Citizenship, an Essential Step to Building Wealth

By Sabrina Terry, Program Manager, Wealth-Building Initiative, NCLR


For many foreign-born Americans, becoming U.S. citizens is an important turning point in their journey for better economic opportunities. With citizenship, an immigrant has access to better jobs, including many public sector jobs. According to the American Immigration Council, immigrants earn 8–11 percent more money once becoming citizens. As such, employment is a common driver for immigrants seeking to become U.S. citizens. In fact, most immigrants come to the United States as working-age adults—between the ages of 18 and 60—hoping to support themselves and their families. By becoming a citizen, an immigrant’s economic outlook increases dramatically and is a critical step in their wealth-building journey; this is particularly true for low-income Latino immigrants.

Wealth is a key component of the American Dream; a necessary step to achieve security and take part in opportunities in the United States. Unfortunately, as it stands, there is a widening racial wealth gap in the United States. In 2013, Whites had 13 times more wealth than a Black family and 10 times the wealth of a Latino family. Furthermore, many Latino immigrant families are already at a disadvantage, as they tend to have lower incomes and struggle to establish savings, let alone build wealth.

Photo: Pictures of Money
Photo: Pictures of Money

According to the University of Southern California, Latino immigrants, who account for about half of foreign-born U.S. residents, tend to have lower incomes than other immigrants. Immigrants coming from Mexico and Central America have average incomes that hover around $45,000 for a family of 3.5 people, putting them at just over 200 percent of the Federal Poverty Level. Similarly, Latino immigrants are more likely to be credit invisible—meaning they have no credit score—according to the CFPB’s Credit Invisibles report and may have trouble accessing credit. It is because of this that the citizenship process can be an important crossroads for immigrant families, especially how a low-income Latino family chooses to pay for it.

Naturalizing, the legal process for becoming a U.S citizen, is expensive. The application cost alone ballooned 610 percent between 1998 and 2008, from $85 to $680. In addition to the application fee, an applicant has additional expenses such as English classes, civics preparation, and legal filing assistance, all of which can add hundreds or even thousands of dollars to the process. The mounting expenses disproportionately impact low-income Latino immigrants who are most in need of the economic benefits that come with citizenship. Therefore, the citizenship process is an ideal time for Latino families to make financial choices that are constructive to their long-term financial future.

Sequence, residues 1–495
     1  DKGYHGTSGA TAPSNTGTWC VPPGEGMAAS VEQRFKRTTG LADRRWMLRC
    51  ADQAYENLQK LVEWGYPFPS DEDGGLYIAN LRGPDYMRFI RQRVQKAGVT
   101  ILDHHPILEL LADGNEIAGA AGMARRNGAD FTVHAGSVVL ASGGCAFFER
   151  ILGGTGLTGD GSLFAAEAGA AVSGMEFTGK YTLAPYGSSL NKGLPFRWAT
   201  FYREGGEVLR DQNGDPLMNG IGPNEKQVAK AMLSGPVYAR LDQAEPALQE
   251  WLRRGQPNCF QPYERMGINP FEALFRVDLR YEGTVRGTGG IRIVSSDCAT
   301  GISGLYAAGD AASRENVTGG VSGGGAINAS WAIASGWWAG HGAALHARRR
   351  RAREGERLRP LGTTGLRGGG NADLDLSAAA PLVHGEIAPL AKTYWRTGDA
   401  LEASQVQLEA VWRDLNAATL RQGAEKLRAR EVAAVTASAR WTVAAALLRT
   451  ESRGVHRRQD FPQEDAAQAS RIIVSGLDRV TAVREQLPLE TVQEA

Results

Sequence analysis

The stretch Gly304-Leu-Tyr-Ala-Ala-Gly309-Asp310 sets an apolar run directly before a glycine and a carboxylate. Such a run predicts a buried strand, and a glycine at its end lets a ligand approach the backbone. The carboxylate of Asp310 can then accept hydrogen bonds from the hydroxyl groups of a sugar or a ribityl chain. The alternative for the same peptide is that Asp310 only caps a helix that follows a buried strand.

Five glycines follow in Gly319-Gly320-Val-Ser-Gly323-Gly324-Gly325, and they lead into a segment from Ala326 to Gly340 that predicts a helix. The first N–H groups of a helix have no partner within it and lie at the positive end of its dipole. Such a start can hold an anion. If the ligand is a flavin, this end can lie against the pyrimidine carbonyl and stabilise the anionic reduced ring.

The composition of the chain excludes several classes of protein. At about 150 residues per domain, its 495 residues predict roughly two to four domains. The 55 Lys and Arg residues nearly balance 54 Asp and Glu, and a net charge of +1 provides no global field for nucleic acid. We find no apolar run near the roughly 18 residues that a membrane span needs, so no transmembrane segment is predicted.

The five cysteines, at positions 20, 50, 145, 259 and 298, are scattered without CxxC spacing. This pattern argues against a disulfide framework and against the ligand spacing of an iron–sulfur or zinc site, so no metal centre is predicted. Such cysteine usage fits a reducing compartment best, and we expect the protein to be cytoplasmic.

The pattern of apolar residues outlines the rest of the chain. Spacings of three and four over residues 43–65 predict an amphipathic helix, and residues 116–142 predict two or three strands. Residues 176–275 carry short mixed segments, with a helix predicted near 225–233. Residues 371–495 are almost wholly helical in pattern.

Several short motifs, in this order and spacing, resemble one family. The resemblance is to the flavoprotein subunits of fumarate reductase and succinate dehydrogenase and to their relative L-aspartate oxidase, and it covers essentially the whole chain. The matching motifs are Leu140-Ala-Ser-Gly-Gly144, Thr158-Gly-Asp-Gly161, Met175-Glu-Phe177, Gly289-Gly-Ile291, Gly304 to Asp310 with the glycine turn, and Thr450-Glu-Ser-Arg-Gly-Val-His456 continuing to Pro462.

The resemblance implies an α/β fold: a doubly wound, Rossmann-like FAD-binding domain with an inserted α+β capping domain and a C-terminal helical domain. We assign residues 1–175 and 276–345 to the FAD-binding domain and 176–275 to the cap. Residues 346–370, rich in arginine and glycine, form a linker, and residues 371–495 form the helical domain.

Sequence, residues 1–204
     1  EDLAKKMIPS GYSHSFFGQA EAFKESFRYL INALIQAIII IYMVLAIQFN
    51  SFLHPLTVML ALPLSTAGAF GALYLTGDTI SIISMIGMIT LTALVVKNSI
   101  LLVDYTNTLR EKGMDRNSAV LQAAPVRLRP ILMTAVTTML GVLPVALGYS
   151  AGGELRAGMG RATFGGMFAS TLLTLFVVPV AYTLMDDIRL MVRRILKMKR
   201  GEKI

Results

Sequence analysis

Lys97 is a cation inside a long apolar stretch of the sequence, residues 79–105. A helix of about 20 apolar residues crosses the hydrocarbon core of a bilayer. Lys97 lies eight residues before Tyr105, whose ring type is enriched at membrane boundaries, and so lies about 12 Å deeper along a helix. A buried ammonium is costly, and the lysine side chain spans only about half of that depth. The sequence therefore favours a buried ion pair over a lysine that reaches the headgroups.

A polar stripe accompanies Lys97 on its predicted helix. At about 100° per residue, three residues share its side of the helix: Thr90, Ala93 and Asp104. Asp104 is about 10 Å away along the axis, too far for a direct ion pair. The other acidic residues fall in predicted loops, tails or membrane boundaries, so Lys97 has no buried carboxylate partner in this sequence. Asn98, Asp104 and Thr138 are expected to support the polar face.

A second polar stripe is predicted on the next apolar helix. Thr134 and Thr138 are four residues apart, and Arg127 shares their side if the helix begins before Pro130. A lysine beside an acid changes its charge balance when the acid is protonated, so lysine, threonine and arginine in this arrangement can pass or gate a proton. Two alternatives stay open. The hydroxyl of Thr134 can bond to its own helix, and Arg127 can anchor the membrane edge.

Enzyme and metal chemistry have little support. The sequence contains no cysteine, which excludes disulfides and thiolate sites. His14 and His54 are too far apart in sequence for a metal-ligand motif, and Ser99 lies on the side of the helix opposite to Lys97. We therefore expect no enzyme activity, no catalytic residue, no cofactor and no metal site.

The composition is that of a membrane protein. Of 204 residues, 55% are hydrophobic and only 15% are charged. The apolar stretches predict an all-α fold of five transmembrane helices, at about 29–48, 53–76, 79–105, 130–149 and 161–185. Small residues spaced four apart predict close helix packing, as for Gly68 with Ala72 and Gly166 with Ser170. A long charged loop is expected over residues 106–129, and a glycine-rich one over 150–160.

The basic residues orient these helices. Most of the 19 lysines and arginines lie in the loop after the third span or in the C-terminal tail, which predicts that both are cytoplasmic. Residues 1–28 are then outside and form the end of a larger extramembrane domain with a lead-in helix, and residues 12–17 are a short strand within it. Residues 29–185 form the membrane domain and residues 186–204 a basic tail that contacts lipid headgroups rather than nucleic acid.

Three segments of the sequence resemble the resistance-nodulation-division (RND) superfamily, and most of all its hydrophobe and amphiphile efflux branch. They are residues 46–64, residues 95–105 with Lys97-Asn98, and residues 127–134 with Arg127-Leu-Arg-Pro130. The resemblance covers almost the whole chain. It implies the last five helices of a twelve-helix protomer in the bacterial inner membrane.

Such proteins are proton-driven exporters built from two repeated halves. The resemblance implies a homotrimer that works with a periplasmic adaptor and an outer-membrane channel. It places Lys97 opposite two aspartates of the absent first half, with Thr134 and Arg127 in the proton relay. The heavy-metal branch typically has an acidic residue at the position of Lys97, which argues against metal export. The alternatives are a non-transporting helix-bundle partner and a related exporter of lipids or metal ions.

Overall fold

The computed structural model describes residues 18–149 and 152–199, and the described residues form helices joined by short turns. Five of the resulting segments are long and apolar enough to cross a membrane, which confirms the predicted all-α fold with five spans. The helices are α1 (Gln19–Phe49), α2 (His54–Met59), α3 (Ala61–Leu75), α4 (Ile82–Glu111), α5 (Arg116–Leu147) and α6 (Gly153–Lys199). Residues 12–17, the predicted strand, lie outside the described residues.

To help immigrants overcome costly fees for citizenship and also put them on a wealth-building path, NCLR has developed an initiative that combines small-dollar lines of credit with immigration legal services. Legal permanent residents receive both citizenship application assistance and assistance in accessing savings or loan products that can help them build their credit. This national initiative enables citizenship applicants to overcome financial barriers and enter the financial mainstream.

For Javier Moncada, a citizenship applicant who sought legal assistance from The Resurrection Project—an NCLR Affiliate based in Chicago—the immigration loan was the stepping stone he needed. During his legal consultation, Javier learned about a citizenship loan from Self Help Credit Union that could help him pay the citizenship application fee and build his credit. Within a few months of receiving the loan, Javier’s credit score went from 0 to 620. He was then able to use his new credit score to seek a car loan from the same credit union. He plans to pay off his car and use his positive credit history and relationship with the credit union for a home loan.

Citizenship and small-dollar lines of credit are just an initial step toward economic mobility and building wealth for Latino immigrants. Successful borrowers will have the increased knowledge and improved credit scores to access larger lines of credit to secure other assets, like purchasing a home or starting a business. Let this Citizenship Day be a call to action to support policies, programs, and people who not only help aspiring Americans obtain U.S. citizenship, but begin their wealth-building journey.

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